With pandemic-driven results now cycled, Albertsons Cos. saw a return to growth in its fiscal 2022 first quarter with strong gains in net and identical sales.
For the 16 weeks ended June 18, net sales and other revenue came in at $23.31 billion, up 9.6% from $21.27 billion a year earlier, when the top line fell 6.5% year over year, Albertsons said Tuesday. The Boise, Idaho-based grocer attributed the sales uptick to elevated identical (ID) sales and higher fuel sales, noting that retail price inflation lifted ID sales.
Identical (ID) sales rose 6.8% in the 2022 first quarter, rebounding from a 10% decline a year ago. Similarly, digital sales surged by 28% after flat results in the 2021 quarter, when online sales were up 276% on a two-year stack.
“This puts us in a strong position to continue to execute against our ‘Customers for Life’ strategy.” — Albertsons Cos. CEO Vivek Sankaran (photo courtesy of Albertsons)
“In the first quarter, our teams continued to deliver strong operating and financial performance across all key metrics, and we continued to gain market share,” Albertsons Cos. CEO Vivek Sankaran said in a statement. “As we look forward to the balance of the year, while we are thoughtful about the macro environment and the possible implications on consumer behavior, our teams have consistently demonstrated their ability to adapt to a changing backdrop in real time. This puts us in a strong position to continue to execute against our ‘Customers for Life’ strategy, including more deeply engaging our customers both digitally and in-store and delivering against our productivity agenda. We are so proud of the resilience, agility and passion of our teams and their ongoing service to our customers and communities.”
Also on Tuesday, Albertsons gave an update on the company’s “strategic alternatives review” announced in late February. The retailer said it engaged a third party to appraise its real estate portfolio, and the evaluation pegged the value of its owned and ground-leased properties at $13.7 billion, up from $11.2 billion in 2019.
Albertsons also reported that it has extended a lock-up agreement with five of its largest shareholders (Cerberus Capital Management L.P., Kimco Realty Corp., Klaff Realty L.P., Lubert-Adler Partners and Jubilee Limited Partnership) to Sept. 10, as the pact had been due to expire June 30. Under the agreement, each sponsor agreed to restrictions on their ability to offer, sell, transfer, contract to sell, pledge or dispose of shares of Albertsons Cos. common stock during that time frame, which runs through the end of the company’s fiscal 2022 second fiscal quarter. Combined, the five sponsors own about 366.04 million common shares, or roughly 69%, of Albertsons’ approximately 531.59 million shares outstanding.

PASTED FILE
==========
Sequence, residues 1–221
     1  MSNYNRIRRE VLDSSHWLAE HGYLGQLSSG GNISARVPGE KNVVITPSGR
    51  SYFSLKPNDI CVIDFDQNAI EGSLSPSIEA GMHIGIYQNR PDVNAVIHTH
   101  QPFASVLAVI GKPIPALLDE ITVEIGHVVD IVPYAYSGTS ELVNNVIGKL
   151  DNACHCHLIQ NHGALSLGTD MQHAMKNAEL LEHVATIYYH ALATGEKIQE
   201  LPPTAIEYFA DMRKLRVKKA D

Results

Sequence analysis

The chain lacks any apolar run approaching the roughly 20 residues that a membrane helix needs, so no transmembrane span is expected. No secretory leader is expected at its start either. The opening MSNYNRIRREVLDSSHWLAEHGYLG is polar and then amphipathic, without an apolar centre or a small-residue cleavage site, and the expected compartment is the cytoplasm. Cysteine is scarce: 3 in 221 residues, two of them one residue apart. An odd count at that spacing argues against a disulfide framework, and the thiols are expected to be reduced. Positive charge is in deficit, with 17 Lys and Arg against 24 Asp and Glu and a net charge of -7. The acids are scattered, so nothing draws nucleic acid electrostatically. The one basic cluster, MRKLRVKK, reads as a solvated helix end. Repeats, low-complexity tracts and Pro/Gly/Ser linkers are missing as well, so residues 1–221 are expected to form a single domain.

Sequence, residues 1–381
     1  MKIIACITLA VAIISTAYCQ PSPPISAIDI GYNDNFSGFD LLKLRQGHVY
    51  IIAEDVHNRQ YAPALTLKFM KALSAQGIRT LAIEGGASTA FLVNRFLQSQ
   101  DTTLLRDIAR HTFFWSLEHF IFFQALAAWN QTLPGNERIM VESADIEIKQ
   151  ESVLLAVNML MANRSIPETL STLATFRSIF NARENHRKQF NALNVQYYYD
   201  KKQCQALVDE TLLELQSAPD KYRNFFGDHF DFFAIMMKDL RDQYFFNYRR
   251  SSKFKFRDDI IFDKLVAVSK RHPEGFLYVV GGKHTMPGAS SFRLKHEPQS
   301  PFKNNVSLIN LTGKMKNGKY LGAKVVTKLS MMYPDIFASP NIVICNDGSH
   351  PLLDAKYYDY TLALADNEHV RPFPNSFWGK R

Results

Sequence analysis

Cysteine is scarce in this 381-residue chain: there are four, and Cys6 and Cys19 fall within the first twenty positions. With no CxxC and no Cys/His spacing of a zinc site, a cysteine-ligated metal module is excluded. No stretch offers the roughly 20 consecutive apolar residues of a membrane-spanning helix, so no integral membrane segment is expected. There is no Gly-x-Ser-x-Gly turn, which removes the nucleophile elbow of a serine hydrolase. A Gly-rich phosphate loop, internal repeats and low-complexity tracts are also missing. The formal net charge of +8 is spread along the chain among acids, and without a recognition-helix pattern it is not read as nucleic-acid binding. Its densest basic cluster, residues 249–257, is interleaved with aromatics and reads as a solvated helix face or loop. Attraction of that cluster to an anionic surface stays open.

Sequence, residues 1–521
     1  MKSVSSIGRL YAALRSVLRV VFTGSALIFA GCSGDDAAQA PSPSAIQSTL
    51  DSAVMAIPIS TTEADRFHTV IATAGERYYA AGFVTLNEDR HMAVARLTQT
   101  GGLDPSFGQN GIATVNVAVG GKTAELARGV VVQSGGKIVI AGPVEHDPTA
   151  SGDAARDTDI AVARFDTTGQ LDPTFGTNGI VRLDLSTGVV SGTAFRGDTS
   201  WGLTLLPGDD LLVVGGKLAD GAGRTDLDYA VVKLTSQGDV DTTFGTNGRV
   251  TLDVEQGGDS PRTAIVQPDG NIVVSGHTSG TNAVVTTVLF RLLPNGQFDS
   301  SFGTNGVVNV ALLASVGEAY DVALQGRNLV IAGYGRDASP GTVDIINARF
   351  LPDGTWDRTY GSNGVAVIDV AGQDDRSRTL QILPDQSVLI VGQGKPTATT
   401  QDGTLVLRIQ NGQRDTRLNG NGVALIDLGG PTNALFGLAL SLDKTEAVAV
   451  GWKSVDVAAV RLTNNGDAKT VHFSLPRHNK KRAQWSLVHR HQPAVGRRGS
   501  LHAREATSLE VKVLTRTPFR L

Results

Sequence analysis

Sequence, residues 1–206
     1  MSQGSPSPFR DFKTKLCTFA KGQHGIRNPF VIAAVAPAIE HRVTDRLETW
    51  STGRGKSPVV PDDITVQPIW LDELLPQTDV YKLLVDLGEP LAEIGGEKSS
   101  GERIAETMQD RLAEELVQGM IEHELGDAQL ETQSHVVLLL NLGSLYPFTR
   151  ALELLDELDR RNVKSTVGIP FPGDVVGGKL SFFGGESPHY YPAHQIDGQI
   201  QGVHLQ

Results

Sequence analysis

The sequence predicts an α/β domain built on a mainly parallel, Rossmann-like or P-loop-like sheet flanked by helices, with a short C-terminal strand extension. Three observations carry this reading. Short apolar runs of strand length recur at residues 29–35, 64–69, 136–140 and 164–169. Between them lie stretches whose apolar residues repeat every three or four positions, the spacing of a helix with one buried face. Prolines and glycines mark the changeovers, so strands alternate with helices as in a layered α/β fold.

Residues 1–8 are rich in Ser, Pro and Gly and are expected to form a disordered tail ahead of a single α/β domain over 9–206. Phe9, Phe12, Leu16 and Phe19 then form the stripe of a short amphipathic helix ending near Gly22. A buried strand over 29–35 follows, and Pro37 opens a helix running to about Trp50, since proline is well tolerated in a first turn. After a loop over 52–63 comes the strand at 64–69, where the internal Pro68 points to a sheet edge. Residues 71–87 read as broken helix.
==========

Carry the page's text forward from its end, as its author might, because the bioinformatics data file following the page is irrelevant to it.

No timetable has been set by Albertsons’ board of directors for the strategic review. When announcing the action in February, the company said it had retained Goldman Sachs and Credit Suisse as financial advisers for the review, which will assess balance sheet optimization and capital return strategies, potential strategic or financial transactions, and the development of other strategic initiatives to complement Albertsons’ existing businesses. The retailer said the review also will entail “responding to inquiries.”
In reporting Albertsons’ fiscal 2021 in April, President and Chief Financial Officer Sharon McCollam told analysts that the company believes it’s undervalued versus competitors.
“It was really sparked by the fact that valuation compared to peers was not reflecting the strength of our performance, and there were reasons in our mind for some of that,” McCollam said in a conference call at the time. “We outperformed Kroger in Q4, we outperformed them for the year, etc. So that was really, originally, the catalyst for us,” she explained. “And of course, there was the overhang of the preferred shares that had hit the market, and then the IPO lock-up that was coming.”
At the bottom line for the fiscal 2022 first quarter, Albertsons recorded net income of $484.2 million, or 84 cents per diluted Class A common share, compared with $444.8 million, or 78 cents per diluted Class A common share, a year ago. Adjusted net earnings totaled $582 million, or $1.00 per diluted Class A common share, versus $517.5 million, or 89 cents per diluted Class A common share, in the 2021 quarter.
Analysts, on average, had projected Albertsons’ adjusted first-quarter 2022 earnings per share at 92 cents, with estimates ranging from 79 cents to $1.11, according to Refinitiv.
Looking ahead, Albertsons raised its earnings and sales guidance for fiscal 2022. The company now forecasts full-year adjusted net EPS (Class A common shares) of $2.80 to $2.95, up from the previous estimate of $2.70 to $2.85. Wall Street’s consensus fiscal 2022 adjusted EPS estimate is $2.85, with projections running from $2.35 to $3.16, according to Refinitiv.
Albertsons estimates ID sales to grow 3% to 4% for fiscal 2022, up from its earlier outlook of a 2% to 3% uptick. Capital expenditures remain in the range of $2 billion to $2.1 billion.
In the 2022 first quarter, Albertsons’ capital spending totaled $613.8 million, mainly from investments in digital and technology platforms and store upgrades, including 27 remodels.
As of the quarter’s end, Albertsons Cos. operated 2,273 retail food and drug stores in 34 states and the District of Columbia under such banners as Albertsons, Safeway, Vons, Jewel-Osco, Shaw’s, Acme, Tom Thumb, Randalls, United Supermarkets, Pavilions, Star Market, Haggen, Carrs, Kings Food Markets and Balducci’s Food Lovers Market. The retailer’s operations also include 1,720 pharmacies, 402 fuel centers, 22 distribution centers and 19 manufacturing facilities.